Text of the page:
The Carroll Sentinel from Carroll, Iowa on June 29, 1894 · Page 10
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The Carroll Sentinel from Carroll, Iowa · Page 10

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Carroll, Iowa
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Friday, June 29, 1894
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Page 10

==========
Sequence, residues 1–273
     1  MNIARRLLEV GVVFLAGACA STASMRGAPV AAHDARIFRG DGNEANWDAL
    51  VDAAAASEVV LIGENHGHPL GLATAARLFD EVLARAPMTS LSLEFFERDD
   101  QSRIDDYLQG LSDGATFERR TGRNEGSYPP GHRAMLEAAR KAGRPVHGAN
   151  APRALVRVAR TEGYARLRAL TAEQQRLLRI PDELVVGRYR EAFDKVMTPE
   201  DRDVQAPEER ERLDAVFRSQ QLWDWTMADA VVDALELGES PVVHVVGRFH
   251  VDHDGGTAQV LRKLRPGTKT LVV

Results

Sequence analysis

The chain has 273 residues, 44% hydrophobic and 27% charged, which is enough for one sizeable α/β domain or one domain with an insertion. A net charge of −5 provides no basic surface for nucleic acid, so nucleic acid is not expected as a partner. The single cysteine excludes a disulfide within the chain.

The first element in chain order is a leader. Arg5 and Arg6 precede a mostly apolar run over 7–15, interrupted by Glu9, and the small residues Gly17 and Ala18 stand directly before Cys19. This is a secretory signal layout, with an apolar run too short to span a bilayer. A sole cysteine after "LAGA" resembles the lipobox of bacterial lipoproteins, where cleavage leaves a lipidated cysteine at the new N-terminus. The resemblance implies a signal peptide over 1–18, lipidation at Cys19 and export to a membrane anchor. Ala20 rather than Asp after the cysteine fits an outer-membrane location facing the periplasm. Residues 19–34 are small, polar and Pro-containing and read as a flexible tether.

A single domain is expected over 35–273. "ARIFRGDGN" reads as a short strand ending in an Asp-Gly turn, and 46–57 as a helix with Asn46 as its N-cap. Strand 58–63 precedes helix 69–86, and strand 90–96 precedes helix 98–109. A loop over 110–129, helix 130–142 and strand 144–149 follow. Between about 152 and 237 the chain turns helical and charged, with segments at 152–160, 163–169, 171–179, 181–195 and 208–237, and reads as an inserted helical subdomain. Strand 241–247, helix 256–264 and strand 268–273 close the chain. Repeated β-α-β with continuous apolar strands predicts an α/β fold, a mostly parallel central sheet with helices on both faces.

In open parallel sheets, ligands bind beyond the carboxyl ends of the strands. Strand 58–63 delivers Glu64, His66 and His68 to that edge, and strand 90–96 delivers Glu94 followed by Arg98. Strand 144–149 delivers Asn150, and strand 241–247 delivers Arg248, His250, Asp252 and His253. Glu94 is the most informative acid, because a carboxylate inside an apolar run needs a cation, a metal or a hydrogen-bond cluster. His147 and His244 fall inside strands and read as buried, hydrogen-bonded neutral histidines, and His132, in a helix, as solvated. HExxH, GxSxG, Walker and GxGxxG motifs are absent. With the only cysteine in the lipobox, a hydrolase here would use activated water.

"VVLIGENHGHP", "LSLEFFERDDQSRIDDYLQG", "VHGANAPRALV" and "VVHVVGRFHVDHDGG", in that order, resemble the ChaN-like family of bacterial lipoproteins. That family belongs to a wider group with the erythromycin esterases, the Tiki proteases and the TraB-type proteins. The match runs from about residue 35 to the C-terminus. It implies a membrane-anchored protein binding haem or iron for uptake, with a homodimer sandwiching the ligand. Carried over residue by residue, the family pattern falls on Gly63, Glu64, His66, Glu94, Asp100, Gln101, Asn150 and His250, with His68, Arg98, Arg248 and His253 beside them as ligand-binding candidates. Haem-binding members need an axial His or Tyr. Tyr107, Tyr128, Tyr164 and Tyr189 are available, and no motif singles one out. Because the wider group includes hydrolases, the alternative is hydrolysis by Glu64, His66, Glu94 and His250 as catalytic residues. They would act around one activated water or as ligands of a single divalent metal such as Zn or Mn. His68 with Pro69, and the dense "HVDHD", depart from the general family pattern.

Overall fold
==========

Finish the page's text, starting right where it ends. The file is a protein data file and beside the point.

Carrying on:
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MATILDA.—It was a good turn you did me when you told «a« at Santa Claus Soap. It makes the clothes whiter than any other, and saves time and work. ... it . _,»»t.— MARY.—Yes, and it does not Injure the hands or the clothe* SANTA CLAUS SOAP. Made by THE N. K. FAIRBAHK COMPANY, Chicago. OW IS THE TIME TO PREPARE FOR SPRING WORK. The first thing necessary U good comfortable sh )es and you will find the best line at MOORE'S SHOE STORE Also the best lines of fine shoes at most popular prices. REPAIRING A SPECIALTY South Side Fifth Street, CARROLL, IOWA YOU WANT THE BEST THE BEST IS NONE TOO GOOD For the readers of Tmt SENTINBIJ, and we have made arrangements whereby we can give tbe best weekly newspaper in tbe world, The New York Together witb THE WKHKOT SINIINE tor the price of THE SBNTINBL •lone. No other newspaper baa BO much varied and special matter for ite weekly edition aa TBB WOULD, and we feel tbat in offering BOTH PAPERS FOR $2 We are giving our anbMribera the beet premium we oonld offer them. Don't delay, bat send in your sabeoriptlon at onoe. Remember, 1 The New York World and The Weekly Sentinel For Only $2 for One Year. THE SENTINEL, Carroll, Iowa. READ BY THE BEST PEOPLE Intelligence the Oily Requisite for Appreciation. The Times IS CONDUGTEB AS A COMPLETE ALL-AROUND NEWSPAPER. Cleanliness, Clearness, Conciseness Characterize It* Pagea. SPEAKING ABOUT NEWS. It has the complete telegraphic service of the Associated Press, in addition to ite regular staff of out-of-town correg- pondente. Ite market reports give the moat complete details of any weekly paper in tbe United Statea It is a mine of literary wealty. It contains the latest stories from the pens of tbe most noted authors, biographical sketches o! tbe most prominent men, tbe beat wit of the day, scientific and relig- IOUB diBouBBions, In addition to tbe full news report of tbe week, aud the beet agricultural department of any weekly connected witb a daily in tbe:world. It must be seen to be appreciated. Send for;aarople copy. ,We have made arrangements witb this great paper to give it ABSOLUTELY FREE with each yearly subscription paid IB advance. Tula offer ife open but a short time; Take advwtage of it. Address GABBOI* HKHTINiSfc, Carroll, Iowa. BOTH PAPERS FOR $2. COFVRlGHTtO IBM BY AMERICAN MISS AMOtlATMI. ' CHAPTER XXII. While Uncle Ben was slowly progress ing along the frozen and slippery high way, and when be had reached a poin about three miles from Rest Haven, h suddenly encountered about a dozen men, moat Of whom were mounted All but one were in citizens' dress, an he at first supposed them to be farmers They rushed opou tbe old man with a shout, and pistols and knives were floor i|h.ed before bis face aa tbe gang cried out: "Hang him opt" "Slice off bis ears!" "Build a fire and roast him if be lies to ml" "Fo' de Lawd, gem Men, bat what do matter?" aaked the old man aa Boon a* be could get in a word. . "We want them two Yankees!" shoot ed three or four men in chorus. "W-wbat Yankees? I nebber dan seen a Yankee sence dat big army went by de house on bora'back I" "Yo' lie, yo' old black faced devil! •aid tbe leader •* he got off bis horse and seieed Uncle Ben by tbe collar "Now, then, tell us where they are biding! Don't pretend to ns tbat yo' have not seen 'em, for we know better! Out with it now, or yo' won't live two minutest" "What yo 1 mean?" asked Hie old man, who was badly npeetover the sudden attack. "We mean Just tbtet We've been fol lowing two Yankee spies along the mountain nearly all day. One of them wac wounded about an hoar ago. They were headed tnto way, and yo' must havs net thorn and know where they now are. Did they tend yo' for a doc tor?" "Nebber, sab, nebber! I tole yo' de troof. I nebber did meet up wid nobody sence I started from de bouse!" "From what house?" "Dat house back dar which b'longs to Missus Percy. Mebbe yo' knowed de Percys of Winchester?" "The Percys, eh* Are yon a Percy nigger?" "Yes, sab, an de only one dat's left.' "And where were you going?" "Down to Harrisonburg, sab, to git news 'bout dat battle dey font dar de odder day. I hain't seed a single pus- son on de road, an if yo' waa to kill me I dun couldn't tell yd' nuffin 'bout no Yankees!" They had looked upon it as just a chance tbat Uncle Ben had encountered the men they were after, and their vigorous measures wens intended to frighten the information out of him. While he was trembling and afraid, his tones satisfied tbe crowd that he was telling the truth. It wouldn't do to let him down too easily, however. The negroes of the country were breaking over all rules and regulations and traveling about at night Jo confer with each other and plan escapee to tbe Federal camps. "Now, then," said the leader of the band, "yo* have bad a powerful cloee call, and yo' want to remember itl Nig- gers have no basinet* away from : borne ifter dark. To' were" probably going to Harrisonbnrg to give yo'self tip to tbe Yankees, bat we'll spoil that little game! Tola will do yo' a heap of good!" And thereupon, holding Uncle Ben with his left band by a firm grip on his collar, housed a rawhide over tbe old man's back and legs with his right and tdministered tbe first whipping of bis ife. When bia arm bad grown weary, be stopped and said< 'Now, yo' (make a beellne for borne and don't stop to rest on tbe way I If any otber prowling niggere ask yo' about bat battle at Harrisonburg, yo' tell bim yo' waa in it Mid got linked I Gee- up!" As the oM DM beaded for Rest Haven tbe gang of men rode in the otber direction. He stepped oat at a lively moe until bidden by tbe darkneaj and ben stopped and turned to shake bis fist and whisper: " While man, I'M only a pore ole nig- wr, but Somebody has got to bleed (or Us! Nobody ebber pat a whip on Uncle ton befo' wnce be was a pickaninny, an I'll kill yo' fur dat as abore aa I ebber git de obanoel" He at first thought of resuming bis oarney toward Harrltonburg, but a mo- nent'e reflection convinced bim that if be f«ll into tbe band* of the same party again bis life would be In peri). He re- alised bow uucb disappointed Marian would be, but be would return and re- wrt and perhaps make a new start, Be lad covered two miles of the backtrack wben at a turn in tbe road a man stopped ont from tbe rock* at his left Mid irdered bim to bait and added: "Wboareyo'r" "Uncle Bon Pwcy," "What, is tbat yo,' Uncle Ben?" "For shore, but I hain't dun met op wid no Suukae spies, jess as I told yo' dby giv me deinoas' powerful lickin on airth!" '' Yankee spies ?'' queried Steve. " Ah, I understand! And are yo' with tbe Percy fam'ly, Uncle Ben?" "Fur snore." "Do they uns live nigh yere?** " 'Bout a mile away, sab." "And whnr war yo' goin when yo' met up with that crowd?" "I'd dun started fur Harrisonburg to git news 'bout dat big battle. Dat Cap'an Wyle he was long yere today an told Mise Sunshine dat Mars Kenton was killed ober 4arl" "go did?" "Yes. sab, an den Miss Sunshine cum out to me wid her face as white as snow an tears in her eyes an a big lump in her froat, an when I seed bow powerful she felt I dun said I would go an find out dat Mars Kenton was all right." "See yere, Uncle Ben, I've got sun- thin to tell yo'!"«aid Bray ton u he drew him out of the road. "Mars Kenton la up yere among tbe rooks and breahl" "Fo'deLawdl" "Thai gang waa after tbe two of us, though we are not Yankee spies. Man Kenton was badly wounded jmt befo* dark, and I bad to oairy he nn on my back fur a couple of miles. Uncle Ben, yo' must go to the home and fit Wan- kete and bandages and snntbln 'fur Us to eat Yo'must also bring that gal yere, but not tonight Tomorrer will do fur her, but we must hev tbe other things tonight." "Fur de luv of beaben, but bow yo' do talk!" gasped the old man. "Den Mara Kenton he wasn't killed at Harrison burg?" "No." "And be dun got shot tryin to git ober yere today?" " Yes. Is Ike Baxter's wife at the bouse?'' "Her am, an she dun jest hates Man Kenton." '' Then yo' must be keerfnl. Try and see tbe gal alone. Tell hex she must send the things tonight, but not to come herself till tomorrer. Go now aa fast as yo' kin. I'll be waitin fur yo' right rere on this spot. Hold on a minit. Hev TO' got a gun at the bouse?" "Yes, a double bar'I'd shotgun." "Then bring it back with yo', and rawder .and shot and cape. If we hev a lout yere, it will be at clns range, and raokahot will be better'n bulleta." 'Fo' de Lawd!" muttered tbe old man aa be set off at bis best pace. "Dat Cap'an Wyle be lie to Miss Sunshine. 3en Miss Sunshine wants me to go to' Harrisonburg. Den I meet up wid some gorillas an git switched till I smart like •epper. Den I start fur home an meet lat Steve Brayton an find out dat Man teuton hain't dead but hnrted, an de jawd only knows what's gwine to hap- pea tomorrejl" Tbe invalid mother bad fallen into a Igbt sleep, and Marian sat thinking. She and Mn. Baiter bad taken tnrna at watching with the sick, and this waa ler night, while tbe other bad gone to be help's quarters. Uncle Ben need not nave been cautioned about Mrs. Baxter, aa he felt that be thoroughly nnder- tood her deposition. He turned off tbe bad to approach tbe bouse from another lireotion, and to softly did he draw near that the first warning Marian bad if bia presence was a tapping on Che window pane. He pressed bia old black "Unele Ben, float yo' an know me?" aaked the PIMM be oane nearer. "I've yo' many a .time in Win* I'm Steve Biay- talked with cheater b*|p' tbe ww. de Lawdl Vet, I 'member yo'r voicel I dun leohwed yo' wus some no' of 4at crowd what was gwinet t«r kill met" "Hev iv 1 met »p with anybody?" "De Uv4 furtive ni«, but ( fe 4ajr 'OKt Two uiilus it gang u' white MM •topped utt m wur gwiue to lbat» UH 4«M«n eat my front! Oey •id I bft4 aawn 100*0 Vflnkco bpiiw, an be4n'| aeeu m aight !' * moaned Marian as she grasped Uncle Ben by the nrifl. "Hist da'rl" he cautioned. "W< mustn't woke tip de missus or dat fins ter Woman. Now, den, yo' be brave Yo'B got to be! Steve Brayton he dun laid I was to bring back blankets an bandages un sunthin to eat. We mug Itep around mighty softly .an pick 'etd dp!" "Alid I Will go back with you! |tant tbat his life may be spared !" "Hush, chile! Yo' can't go wid tonight, but tomorrer. Dat's wbnt SteV( Brayton duu said. When I git bnck dar, I'll see Mars Kenton wid my own eyes, an I'll tell him all 'bout yo. an I'll stay right dar all nigbt an nuss him." "Oh, Uncle Ben, but I feel that must go to him" -"Hush! Yo' jess git all dem fings what I spoke of packed up fur me as quick as yo' kin an let me go back! I yo' want dem gorillas to finish Mars Kenton, yo' Jest make a fuss so dat Mm. Baxter will open dem big ears o hern an find out de news!" Tto flnA viorntmo Marian fcod of M» pre» «noe wot a tapping on ttw wmdw. ace against tbe glass that she might now who was there, and a moment ater she utood ontaide the door with a bawl thrown over her bead. 'You are back, Uncle Bea—wbafa be matter? 1 ' ehe asked. "Heaps de mattab, Mlw Bambino, caps, jl dun met up wid mo' dan lo'ty tnubela o' trubblel I'ae newt fui yo'l 'You—you met aomeonewbo told oo about Mr. Kenton?" '' Fur shore I D«t Cap'an Wyle Me IP o't Mara Kenton be dun git a war rter d«t battle, 'long wid Steve fituy- ton." "Thank God!" she wblnpered M abe •tied ber olMped bands to tbe bright tars in tbe winter sky, 'But dar's (rubble, Mi* Bmvb|na~ beapf o' trubble! Dey WM Iryin to git ber yere when twine gorillas reckoned ey WM Yankee ipiw «n duu ahotted fara geutoQ. Ho bafn't deua, but be'i «4 hurt, an be.!* lyiu in' tb« break, au nook* down yer* 'Urat a wile. I met •t Steve Brayton, uu be dun tole me •11 'bout U." 'Royal Kenlon wooudul—budly unet 04 lyiny in {be Urwtb (b4« CHAPTER AB was stated in a previous chapter, Oaptatn Wyle's company, along with others, had been returned to tbe valley •BjJ placed under tbe orders of Genera! Imbod'eff. Ike Batter and the others captured atKernstown bad rejoined the company when eicbarfgtd. Ike felt more than ever that Royal Kenton was an enemy be must get rid of, and Cap tain Wyle enconfaged this feeling in various ways, though never openly and direotly committing himself. On two occasions Ike bad been granted leave of absehoa to visit his wife. Both times be bad met her secretly. The spirit which animated this bumble twain will surprise only those who have never encountered the "poor whites" of tbe south. Nine out of ten of the bloody and long continued feuds we read of in southern communities begin among the poor and ignorant. The cauae ia generally of trifling character. The "poor white" may be hum bled by toe law. but outside of the courtroom be hates with an intensity hard to reallM. He is persistent, cunning, merciless. Ike Baxter had nev.er had an ambition in bia life up to the hour he enlisted. He could barely read and write, waa naturally laay and indifferent and felt no pride in anything except tbe f aet tbat he waa ' ' better than • nigger." When be found tbat corporals and sergeants were looked up to and respected, there came a queer feeling in bis heart. He could not credit it at first, but Captain Wyle aided him in bia mental struggle. The day came when Ike had an ambition and a burning desire. It waa to be a corporal or sergeant In bis wild dreams of glory be did not atop there. He determined to go higher and become a lieutenant or captain. Aa soon as be was given to understand that Royal Kenton stood in his way it was but natural with one of his nature- to determine to remove the obstacle by any means possible. Before the war the "Yankee," both aa a man, and ai tbe representative of a aeotlon of the republic, bad few friends in tbe south. He waa supposed to be hostile to ell southern "institutions." The more ignorant the southerner the more heartily he bated and despised the citiaen of the north. He believed what the fire eating politicians pretended to believe and often aieerted. The John Brown raid upon slavery In Virginia and the events in "Bleeding Kansas" served to intensify tbe sectional hate of tbe ", poor whites." Thus it was that fke Baxter, picking up bia crumbs of history aod b'iabitaof information on current events at tbe doors of the livery •table or around tbe stove of the barroom, waa something of a local champion in the matter of Yankee bating. If Kenton bad not stood between hini and military glory, be would still have felt • bitterness toward him as a man born to tbe north. Uncle Ben's cautious approach to the house on this nigbt bad reference only to Mrs. Baxter. There WM another man stealing through tbe darkness and making a noiseless approach at the same time— Ike Baiter. Neither Uncle Ben nor Marian Percy caught a sight of him, but he noticed their every movement and drew bia own conclusions. The gun which the old man had been told to secure was ta bit room in tbe little house. He had deputed from Rest Haven without being •can or his absence noted by tbe woman, but bis return aroused ber, and ber •harp eyes were upon him M be carried away tbe firearm and loaded himself with tbe bundle* Marlaa bad prepared and brought to the door. She WM dreae- Ing to follow him M he disappeared down the highway, having a dim suspicion of tbe state of affaire, wbea Ike knocked at ber window and was admitted. In less than a minute be ba\) related what he saw ontaide, and ihe bad told bin of Uncle Ben taking tbe gun. "Wbw'a be un bound for?" queried Ike. ' 'Pnnno, bnt aantbln'a happened sum- bar I Yo' moat toiler him I" "BM tbat Yankee bin yere?" "No, but tbe gal's beam news, fur •bore I Reckon be un may be lyln out around yere aumwbar, and tbe nigger's takin oat staff to him I GU right ortor be w. Ike, and If yo' And tbe Yankee tall Captain Wyle and bev bin ^^^^^^^^^^^^^^^^^^^*^^- • ••'• nside and halted to listen, "How do 1 know but what dat Woman dun beard me git de gun an la fo)» lefin me?" he whispered to himself, "She'd do it! She's powerful Wicked, ehe ami An raebbe some mo' of dem gorillas am waitin long yere to grab me tin giv me'anoddei 1 whippint" He \VHS listening ns Well as whispering, atid after a minute he heard the founds of footsteps coining down the' toad, He drew baok into the deeper lhadow of the bigh bank, dropped hi» bundles, and taking a firm grip of his gun he mentally resolved to make a fight for it if he wns overhauled by tbe same crowd as before, A few seconds- later he realized tbat only one person was approaching. The footfalls were too heavy for a woman. He had just decided this point when a man loomed up in the darkness before him and halted almost within arm's length to mutter: . "Drat my hide, but baa that ole nig- ger left tbe road an giv me the slip? I heard be un only a minit ago, but hiin's dun gone now!" It waa Ike Baxter of course. He stood peering and listening for half a minute and then growled: "lorter hev run he un right down an made him show me the way! Now the cussed Yankee may git away from met , No, be won't though! I'll bunt over every foot of this country but what I'll jBnd ijjnj an hey his scalp!" Uncle Ben old not recognise the man at all, as it had been many 'months since he had heard Ike Baxter's voice. It was instantly plain to him, however, that the man waa a determined enemy and was seeking Royal Ken ton's life. Ike took three or four steps forward and •topped again to listen. Noiselessly and witb such a feeling as he bad never experienced before Uncle Ben clubbed his gun, took one silent step forward Uncle Ben clubbed his gun, and next instant brought the heavy tock down upon Ike's head and felled >im to the earth. The man sank down vitbout a cry or groan, and after wait- ng half a minute the old man gasped •' «nm with his critter company!" "I'll do bettor'n tbatf" grimly ie- plied tbe man M be stepped out into thenlfbt "If I find that Yankeesrouud yere, I'll put a bullet Into him f nit and tell Captain Wyle nest!" Uncle Ben had only a few bundled yard* tbe ttart, and (ha man on bii trail apon leawned the distance until be oonld bear the old man's footetepi and make out a shadowy form through tbe darkncai. < Tbere teemed nothing wor* certain tb«fi that ho would follow on aud uncover tbe biding place of th«. fugitive, For nearly thr«e-qnart«r* of a mile the slave luumwugtir had but one id/*—to return to Sttfve Bray ton M foal M paatibls. He wan hurrying alanb when • aadd«n tnougbt flatbed through U* bjabv and be ta«iut-Uv«4y May de good Lawd dnnfnrgiveme, but I had to do it fat. Miss Sunshine's sake!" • He picked up bis bundles and bas- oned on and 10 minutes later was tell- ug Steve Bray ton what' had happened. 'Glad of Itr replied the latter. 'Reckon I orter go up thar and make bore he's dead, tur I sorter think his tame are Ike Baxter. Hain't got no ime, though— not jest now. This way, Uncle Ben." They passed between two great bowl- en which bad fallen from the bank bove, followed a ravine into the bills or about 300 feet, and after a climb up be right band bank found tbe hiding lace among the rocks. There was a mall fire burning against a great bowler, and on a bed of leaves and 'branch- i lay Royal Kenton with a bullet ound in the calf of the right leg. It WM a bit of good lack for him in the midst of adversity that the bullet bad passed clear through without touching tbe bone. It was a painful and temporarily disabling wound, and be bad lost much of bis strength before the bleeding could be checked, but he WM inclined to make light of tbe situation as Brayton and Uncle Beu appeared. The old darky knew Kenton only by sight, but the sight of him lying there in tbat helpless condition was a call for him to throw hinjeelf down on his knees and moon out:' "Fo' de Lawd an fo' de Lawd, but what am Miss Sunshine gwine to say an do when she knows dat he has bin shotted wid a dozen bombshells*!;,! Keuton soon mode the isJtuatlonfi to him, and then a« the two talked about affairs at 1 the bouse Steve Brayjou , washed and bound up the wound afreet made up a comfortable bed, arranged one of the blankets for a •belter and •aw that Kentou ate as well 'its talked! Tbe adventure which Uncle Ben hud on the road was felt to be another menace to be guarded against. After leaving tbe boute where they bad taken breakfast aud encountered the Confederate sergeant, they bad battened up tbe side of the mountain and headed direct for Jfcrt Haven. Within an hour they found - tbat a number of men were on their trail, and two or three times during tb» day they were obliged to bide theru- Mlvei for an hour or two. No shot* were exchanged until about 0 o'clock l» the evening, and then they were fired upon by thr«e men in ambush, Kenton WM bit and fell, but be struggled BP and made a run of it, with BtavS'Bni/- ' ton covering bit retreat. Pain and law of blood finally brought the wounded man down again, aud b« appealed to Steve to leave him and make bia own escape, • "Couldn't thiuk of It, Yauk-wuldn't wibly play auy «ivb dirt on a man who ban fout 'loiigaide o' we so often!" WM the hearty reply. "Tuar WM only three of 'em when they tuet popped at u», and I'm aartin. shore thur hain't but two now, iiud mubbs one o' them is wuea off twan yo 1 «r'l 1 Mu't b^u abootii) flve or Hi* tiimw j.-Hl ft,,- the fun of it! ve got to bo car. ,. fellow got him ou hiu bucl« and.